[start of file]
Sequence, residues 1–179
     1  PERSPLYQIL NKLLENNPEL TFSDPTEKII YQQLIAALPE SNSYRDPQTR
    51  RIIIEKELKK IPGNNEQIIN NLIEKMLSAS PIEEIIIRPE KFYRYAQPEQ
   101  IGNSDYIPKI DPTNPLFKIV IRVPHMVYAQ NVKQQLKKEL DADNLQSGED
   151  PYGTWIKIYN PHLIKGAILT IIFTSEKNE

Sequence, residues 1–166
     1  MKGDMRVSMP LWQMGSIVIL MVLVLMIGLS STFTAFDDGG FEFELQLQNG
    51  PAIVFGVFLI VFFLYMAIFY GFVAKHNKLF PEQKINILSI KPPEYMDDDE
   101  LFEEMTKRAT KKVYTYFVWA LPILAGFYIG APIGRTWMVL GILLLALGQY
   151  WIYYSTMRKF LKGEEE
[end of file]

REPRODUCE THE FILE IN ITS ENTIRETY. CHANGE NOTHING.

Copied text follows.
Sequence, residues 1–179
     1  PERSPLYQIL NKLLENNPEL TFSDPTEKII YQQLIAALPE SNSYRDPQTR
    51  RIIIEKELKK IPGNNEQIIN NLIEKMLSAS PIEEIIIRPE KFYRYAQPEQ
   101  IGNSDYIPKI DPTNPLFKIV IRVPHMVYAQ NVKQQLKKEL DADNLQSGED
   151  PYGTWIKIYN PHLIKGAILT IIFTSEKNE

Sequence, residues 1–166
     1  MKGDMRVSMP LWQMGSIVIL MVLVLMIGLS STFTAFDDGG FEFELQLQNG
    51  PAIVFGVFLI VFFLYMAIFY GFVAKHNKLF PEQKINILSI KPPEYMDDDE
   101  LFEEMTKRAT KKVYTYFVWA LPILAGFYIG APIGRTWMVL GILLLALGQY
   151  WIYYSTMRKF LKGEEE